Nancy M. Kane, Sara J. Singer, Ph.D., Jonathan R. Clark, Ph.D., Kristof Eeckloo, Ph.D., and Melissa Valentine, M.P.A.
N. M. Kane, S. J. Singer, J. R. Clark et al., "Strained Local and State Government Finances Among Current Realities That Threaten Public Hospitals' Profitability," Health Affairs, August 2012 31(8): 1680–89.
Prior the 2008–09 economic recession, safety-net hospitals that were directly governed by elected officials and in highly competitive markets had significantly higher operating margins than more politically independent safety-net hospitals. Because their better performance was tied to government subsidies rather than superior financial controls, these hospitals will face significant financial reversals if they fail to change their business practices before the Affordable Care Act's scheduled reduction in subsidies takes effect and a weak economy forces further cutbacks.
Safety-net hospitals play a vital role in serving uninsured and low-income populations, especially in large urban communities, but little is known about the factors that influence their financial viability. To identify these factors, the authors of this Commonwealth Fund–supported study compared the financial performance of 150 safety-net hospitals, examining governance type, financial performance, and market concentration, among other variables. To further clarify their findings, the authors conducted site visits at nine hospitals.
To overcome declining government subsidies, safety-net hospitals governed by elected politicians must focus on cost control, quality improvement, and services that attract insured patients. Such efforts will be important to ensure that the 23 million people who will be left out of universal coverage schemes—including illegal immigrants, people with chronic psychological illnesses, and those whose incomes are not high enough to afford private insurance—continue to receive the range of health care and specialized services, like transportation and language translation, that these hospitals provide.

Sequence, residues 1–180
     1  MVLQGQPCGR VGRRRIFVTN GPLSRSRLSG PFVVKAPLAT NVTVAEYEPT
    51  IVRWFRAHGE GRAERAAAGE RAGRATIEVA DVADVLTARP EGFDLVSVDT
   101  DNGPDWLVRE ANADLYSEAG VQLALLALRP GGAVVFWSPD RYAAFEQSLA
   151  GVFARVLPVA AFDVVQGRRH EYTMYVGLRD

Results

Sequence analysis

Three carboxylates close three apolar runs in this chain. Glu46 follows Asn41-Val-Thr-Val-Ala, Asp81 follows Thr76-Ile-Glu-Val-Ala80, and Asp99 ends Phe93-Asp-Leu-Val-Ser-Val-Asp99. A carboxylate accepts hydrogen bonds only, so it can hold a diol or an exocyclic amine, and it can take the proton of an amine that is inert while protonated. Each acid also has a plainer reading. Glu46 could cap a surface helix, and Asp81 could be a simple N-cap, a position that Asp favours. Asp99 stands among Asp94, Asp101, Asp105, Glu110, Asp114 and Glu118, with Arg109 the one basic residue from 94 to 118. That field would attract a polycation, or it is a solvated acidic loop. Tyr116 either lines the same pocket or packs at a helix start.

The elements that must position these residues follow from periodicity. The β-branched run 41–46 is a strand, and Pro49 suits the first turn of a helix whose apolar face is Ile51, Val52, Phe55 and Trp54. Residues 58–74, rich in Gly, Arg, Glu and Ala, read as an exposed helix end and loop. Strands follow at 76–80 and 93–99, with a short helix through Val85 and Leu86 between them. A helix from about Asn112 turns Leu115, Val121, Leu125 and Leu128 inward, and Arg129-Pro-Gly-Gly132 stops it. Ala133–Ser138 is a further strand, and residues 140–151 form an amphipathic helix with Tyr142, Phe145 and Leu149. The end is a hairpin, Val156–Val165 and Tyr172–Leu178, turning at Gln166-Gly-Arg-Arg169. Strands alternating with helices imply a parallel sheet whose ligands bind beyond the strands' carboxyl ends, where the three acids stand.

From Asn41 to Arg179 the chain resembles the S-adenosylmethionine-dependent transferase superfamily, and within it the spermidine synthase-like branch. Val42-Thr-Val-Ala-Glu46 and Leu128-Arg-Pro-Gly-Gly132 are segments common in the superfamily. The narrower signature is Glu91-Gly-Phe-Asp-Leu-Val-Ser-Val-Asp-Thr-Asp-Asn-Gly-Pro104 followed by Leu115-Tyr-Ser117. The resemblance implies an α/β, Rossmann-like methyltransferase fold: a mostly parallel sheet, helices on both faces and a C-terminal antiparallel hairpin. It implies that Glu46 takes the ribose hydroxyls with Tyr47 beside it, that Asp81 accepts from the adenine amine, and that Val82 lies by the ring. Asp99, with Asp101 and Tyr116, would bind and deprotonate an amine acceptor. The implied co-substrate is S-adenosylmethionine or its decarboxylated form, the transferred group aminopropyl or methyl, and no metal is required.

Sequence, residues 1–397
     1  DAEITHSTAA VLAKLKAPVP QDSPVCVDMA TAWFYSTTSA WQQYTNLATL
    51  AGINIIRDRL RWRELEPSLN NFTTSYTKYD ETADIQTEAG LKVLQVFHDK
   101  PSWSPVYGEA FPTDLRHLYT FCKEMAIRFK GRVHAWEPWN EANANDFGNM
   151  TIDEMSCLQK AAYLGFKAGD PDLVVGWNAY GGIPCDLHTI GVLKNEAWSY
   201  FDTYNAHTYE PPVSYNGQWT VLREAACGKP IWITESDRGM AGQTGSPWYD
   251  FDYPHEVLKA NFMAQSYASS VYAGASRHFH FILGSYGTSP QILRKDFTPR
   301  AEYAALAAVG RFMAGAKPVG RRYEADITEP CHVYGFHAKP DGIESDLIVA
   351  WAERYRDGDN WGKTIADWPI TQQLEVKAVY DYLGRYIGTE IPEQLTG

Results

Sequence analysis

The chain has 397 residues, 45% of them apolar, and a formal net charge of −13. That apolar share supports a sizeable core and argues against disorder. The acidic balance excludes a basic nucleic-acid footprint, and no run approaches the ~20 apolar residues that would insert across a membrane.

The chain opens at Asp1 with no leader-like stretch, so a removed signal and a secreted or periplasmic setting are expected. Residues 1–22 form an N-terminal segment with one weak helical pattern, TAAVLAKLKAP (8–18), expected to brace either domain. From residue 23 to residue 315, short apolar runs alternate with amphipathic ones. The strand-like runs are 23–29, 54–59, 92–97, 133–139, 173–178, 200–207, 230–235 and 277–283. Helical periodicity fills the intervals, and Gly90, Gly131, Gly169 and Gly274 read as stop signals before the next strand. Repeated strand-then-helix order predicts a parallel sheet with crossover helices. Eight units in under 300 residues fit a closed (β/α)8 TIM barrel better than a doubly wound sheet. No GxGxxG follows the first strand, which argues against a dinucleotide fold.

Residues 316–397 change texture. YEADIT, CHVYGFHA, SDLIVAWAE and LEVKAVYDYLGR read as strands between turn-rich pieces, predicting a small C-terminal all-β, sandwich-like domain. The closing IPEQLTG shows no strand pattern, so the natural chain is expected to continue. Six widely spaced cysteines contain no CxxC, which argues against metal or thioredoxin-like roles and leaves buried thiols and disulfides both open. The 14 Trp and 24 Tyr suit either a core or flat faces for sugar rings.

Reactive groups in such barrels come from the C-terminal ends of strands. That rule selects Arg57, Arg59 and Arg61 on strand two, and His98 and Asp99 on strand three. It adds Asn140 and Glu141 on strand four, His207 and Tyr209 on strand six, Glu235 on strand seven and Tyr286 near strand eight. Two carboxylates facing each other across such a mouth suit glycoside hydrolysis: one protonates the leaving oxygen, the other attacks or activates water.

The authors examined five years’ worth of financial data from 150 urban safety-net hospitals throughout the United States that met at least one of the following three criteria: a threshold percentage of Medicaid discharges, a threshold percentage of minority discharges, or 2007 membership in the National Association of Public Hospitals and Health Systems. They conducted site visits and interviewed board members, senior executives, managers, and other staff at nine hospitals.
Safety-net hospitals that currently rely on politically negotiated funding must adapt to increasing fiscal austerity and intensified competition by revamping their business strategies.